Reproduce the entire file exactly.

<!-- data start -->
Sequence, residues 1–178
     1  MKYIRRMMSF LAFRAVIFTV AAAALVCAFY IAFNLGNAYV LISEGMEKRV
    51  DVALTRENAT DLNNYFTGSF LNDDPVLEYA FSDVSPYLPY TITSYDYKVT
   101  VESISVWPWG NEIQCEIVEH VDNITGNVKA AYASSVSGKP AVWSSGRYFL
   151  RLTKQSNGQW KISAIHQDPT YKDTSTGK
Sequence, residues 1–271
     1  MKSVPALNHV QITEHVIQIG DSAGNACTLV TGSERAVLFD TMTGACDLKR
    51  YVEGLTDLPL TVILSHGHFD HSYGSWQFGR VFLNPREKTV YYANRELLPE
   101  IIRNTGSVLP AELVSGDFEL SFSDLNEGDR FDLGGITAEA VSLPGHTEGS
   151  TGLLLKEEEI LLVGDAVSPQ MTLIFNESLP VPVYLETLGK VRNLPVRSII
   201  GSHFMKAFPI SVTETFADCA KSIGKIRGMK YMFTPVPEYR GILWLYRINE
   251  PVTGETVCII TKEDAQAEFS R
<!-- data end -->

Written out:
Sequence, residues 1–178
     1  MKYIRRMMSF LAFRAVIFTV AAAALVCAFY IAFNLGNAYV LISEGMEKRV
    51  DVALTRENAT DLNNYFTGSF LNDDPVLEYA FSDVSPYLPY TITSYDYKVT
   101  VESISVWPWG NEIQCEIVEH VDNITGNVKA AYASSVSGKP AVWSSGRYFL
   151  RLTKQSNGQW KISAIHQDPT YKDTSTGK
Sequence, residues 1–271
     1  MKSVPALNHV QITEHVIQIG DSAGNACTLV TGSERAVLFD TMTGACDLKR
    51  YVEGLTDLPL TVILSHGHFD HSYGSWQFGR VFLNPREKTV YYANRELLPE
   101  IIRNTGSVLP AELVSGDFEL SFSDLNEGDR FDLGGITAEA VSLPGHTEGS
   151  TGLLLKEEEI LLVGDAVSPQ MTLIFNESLP VPVYLETLGK VRNLPVRSII
   201  GSHFMKAFPI SVTETFADCA KSIGKIRGMK YMFTPVPEYR GILWLYRINE
   251  PVTGETVCII TKEDAQAEFS R